Reading through yesterday's third-quarter earnings for Playboy Enterprises (NYSE:PLA), I couldn't help but think that they were the accounting equivalent of multiplying like rabbits.

Total net revenues were $80.2 million compared with $74.4 million in 2003, good for a jump of about 8%. Operating income was $6.7 million versus $5.6 million, and net income came in at $1.9 million ($0.06 per diluted share) against a loss of $0.9 million ($0.03 per diluted share) a year ago.

Delving further, we see some more lovely highlights. Operating income for the publishing group -- one of the key drivers of the company's brand -- increased 30% to $1.2 million on a 4% rise in revenues, with advertising sales rising 35%. The online group's operating income went up more than 100% on a 9% expansion of revenues, while the licensing segment's operating income rose 47% on a 34% jump in sales. Corporate expenses did rise, however, by 13.6%.

Overall, I'm very pleased with these results, although not everything in the breakdown is rosy. Take a look, for instance, at the subscription revenues for Playboy -- they're slightly down, as are the sales for worldwide DVDs and tapes. Playboy has diversified the distribution of its brand through all kinds of media, so it isn't necessarily going to achieve growth in every single area all of the time. Nevertheless, the company must embark on a new marketing campaign to drive better increases in overall revenues; 8% is pretty good, but not outstanding.

Debt reduction is in part responsible for the company's ability to deliver these improved results, something I mentioned in a discussion on a previous earnings announcement. If the company can continue such initiatives and eventually keep costs as flat as possible, then it can focus more resources toward reinvigorating its brand. Playboy recently licensed its image for a development project in Las Vegas; more deals like this would definitely help drive shareholder value, as they are efficient ways to drive overall business.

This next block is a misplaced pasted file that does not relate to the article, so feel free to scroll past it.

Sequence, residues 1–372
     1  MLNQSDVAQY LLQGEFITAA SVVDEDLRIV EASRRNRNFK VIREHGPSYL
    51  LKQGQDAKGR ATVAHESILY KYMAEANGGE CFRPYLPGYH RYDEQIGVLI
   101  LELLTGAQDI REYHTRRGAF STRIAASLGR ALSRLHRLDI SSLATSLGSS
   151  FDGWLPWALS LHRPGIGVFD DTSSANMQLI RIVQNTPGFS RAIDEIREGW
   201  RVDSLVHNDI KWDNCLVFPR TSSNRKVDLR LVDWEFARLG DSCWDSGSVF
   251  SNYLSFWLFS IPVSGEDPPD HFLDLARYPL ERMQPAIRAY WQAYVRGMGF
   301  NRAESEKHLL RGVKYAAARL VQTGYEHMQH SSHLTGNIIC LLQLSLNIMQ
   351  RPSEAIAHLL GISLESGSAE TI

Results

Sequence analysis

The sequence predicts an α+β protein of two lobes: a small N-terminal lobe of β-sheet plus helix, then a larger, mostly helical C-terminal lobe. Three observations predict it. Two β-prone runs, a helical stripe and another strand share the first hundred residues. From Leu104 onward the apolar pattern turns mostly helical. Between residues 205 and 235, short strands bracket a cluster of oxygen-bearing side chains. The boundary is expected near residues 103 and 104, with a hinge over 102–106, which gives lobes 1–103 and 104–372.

Playboy may have failed to excite shareowners in the previous quarter, but things are looking much better; the stock closed up more than 10% yesterday. However, I think Playboy will probably remain speculative until its magazine subscriptions show some solid, quality growth. It won't necessarily ever become a true blue-chip investment, but there will most likely be some long-term value here for very patient holders.

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Fool contributor Steven Mallas owns none of the companies mentioned but is still looking for an invite to the Playboy Mansion.